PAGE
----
The magic of Lerner’s character, Adam, is that he is a complete anti-hero. Adam thinks all the thoughts that I often feel, but would never actually admit to. He’s been offered a prestigious fellowship, but cowers from his superiors, has no intention of writing on the topic of the Spanish Civil War (like he claimed in his application), and spends most of his time smoking hash and hoping that one of the two women he spends time with will suddenly feel passionately for him, which of course, they never do.
“I had a policy of keeping Isabel away from Arturo and Teresa, not because I didn’t think they’d like each other, but because I wanted them to believe I had an expansive social life (Lerner, 53).”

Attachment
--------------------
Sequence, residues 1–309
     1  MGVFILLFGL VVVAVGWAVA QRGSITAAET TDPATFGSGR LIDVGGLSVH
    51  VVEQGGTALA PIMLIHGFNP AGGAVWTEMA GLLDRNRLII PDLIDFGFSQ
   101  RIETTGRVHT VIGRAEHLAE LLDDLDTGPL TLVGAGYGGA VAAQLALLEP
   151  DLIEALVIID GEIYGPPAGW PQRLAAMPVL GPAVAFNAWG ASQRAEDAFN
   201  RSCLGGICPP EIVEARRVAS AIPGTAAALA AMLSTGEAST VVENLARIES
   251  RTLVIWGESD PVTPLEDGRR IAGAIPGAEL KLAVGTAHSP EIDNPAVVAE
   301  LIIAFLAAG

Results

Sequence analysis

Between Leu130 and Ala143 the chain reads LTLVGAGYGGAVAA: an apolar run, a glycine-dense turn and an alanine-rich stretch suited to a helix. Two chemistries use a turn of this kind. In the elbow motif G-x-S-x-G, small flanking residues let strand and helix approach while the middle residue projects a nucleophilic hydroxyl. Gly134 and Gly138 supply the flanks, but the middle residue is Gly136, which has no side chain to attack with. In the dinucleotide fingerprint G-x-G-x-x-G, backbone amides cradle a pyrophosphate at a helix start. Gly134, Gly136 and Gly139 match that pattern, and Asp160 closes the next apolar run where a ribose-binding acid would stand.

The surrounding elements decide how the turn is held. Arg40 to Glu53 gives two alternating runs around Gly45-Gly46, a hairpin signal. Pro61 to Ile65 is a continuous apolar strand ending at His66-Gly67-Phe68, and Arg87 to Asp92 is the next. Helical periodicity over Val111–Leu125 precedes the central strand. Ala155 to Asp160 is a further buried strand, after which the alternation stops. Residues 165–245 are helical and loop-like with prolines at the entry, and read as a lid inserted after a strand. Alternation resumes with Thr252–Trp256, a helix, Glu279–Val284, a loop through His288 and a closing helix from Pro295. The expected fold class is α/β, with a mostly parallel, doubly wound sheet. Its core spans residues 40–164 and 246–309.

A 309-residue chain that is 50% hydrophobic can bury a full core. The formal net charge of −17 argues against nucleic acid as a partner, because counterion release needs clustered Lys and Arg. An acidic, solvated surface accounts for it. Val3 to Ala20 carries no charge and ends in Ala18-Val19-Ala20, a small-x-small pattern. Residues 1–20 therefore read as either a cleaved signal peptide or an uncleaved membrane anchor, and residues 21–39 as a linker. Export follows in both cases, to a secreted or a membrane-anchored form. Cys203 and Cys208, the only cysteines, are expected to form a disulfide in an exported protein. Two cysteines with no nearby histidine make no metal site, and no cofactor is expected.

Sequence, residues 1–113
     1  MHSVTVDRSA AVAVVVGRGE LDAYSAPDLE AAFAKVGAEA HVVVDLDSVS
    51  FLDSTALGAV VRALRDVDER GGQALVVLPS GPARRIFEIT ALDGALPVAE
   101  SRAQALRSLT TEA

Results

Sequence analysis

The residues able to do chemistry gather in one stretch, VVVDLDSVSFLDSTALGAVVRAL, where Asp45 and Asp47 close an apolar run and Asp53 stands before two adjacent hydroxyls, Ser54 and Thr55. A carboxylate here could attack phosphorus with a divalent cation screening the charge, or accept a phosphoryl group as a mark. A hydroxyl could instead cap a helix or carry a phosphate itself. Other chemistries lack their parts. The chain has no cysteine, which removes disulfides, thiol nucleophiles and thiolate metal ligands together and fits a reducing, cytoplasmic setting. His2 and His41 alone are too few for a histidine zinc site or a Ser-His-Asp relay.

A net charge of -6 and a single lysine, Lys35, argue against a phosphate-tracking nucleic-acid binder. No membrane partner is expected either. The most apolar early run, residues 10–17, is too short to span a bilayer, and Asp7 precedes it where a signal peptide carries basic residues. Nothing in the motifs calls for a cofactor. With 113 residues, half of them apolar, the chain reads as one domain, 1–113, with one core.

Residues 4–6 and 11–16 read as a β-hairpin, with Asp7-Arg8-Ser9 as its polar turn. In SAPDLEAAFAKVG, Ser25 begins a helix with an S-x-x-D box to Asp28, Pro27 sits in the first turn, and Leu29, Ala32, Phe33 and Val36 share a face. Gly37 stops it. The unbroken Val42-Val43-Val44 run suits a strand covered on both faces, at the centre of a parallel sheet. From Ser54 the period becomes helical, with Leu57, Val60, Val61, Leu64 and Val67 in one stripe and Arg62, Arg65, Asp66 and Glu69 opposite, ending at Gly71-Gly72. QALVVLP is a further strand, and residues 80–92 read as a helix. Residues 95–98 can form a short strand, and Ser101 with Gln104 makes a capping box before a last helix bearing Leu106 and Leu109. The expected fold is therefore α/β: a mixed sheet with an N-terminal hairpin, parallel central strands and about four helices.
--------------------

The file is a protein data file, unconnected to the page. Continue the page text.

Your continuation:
Adam shrinks from responsibilities, putting all of his energies towards being wanted. His melt under pressure as a young twenty-something reminds me of an episode of Girls, where Lena Dunham’s character gets a deal for an e-book that she’s told must be written in one month. The stress drives her crazy, reigniting her past struggle with Obsessive Compulsive Disorder, resulting in a punctured eardrum due to her over-zealousness with a Q-tip.
Who can write a book in a month? I’m sure that even Kerouac’s claims were doctored up a bit. In my early twenties, everything that involved pressure under fire in the grown-up world brought on the worst kind of anxiety. I set myself up to fail. I learned quickly that the only jobs that worked for me were the ones that allowed time to write with a thoroughly interesting nighttime life. I lived for stories, not for security. I also lived for being wanted and affirmed.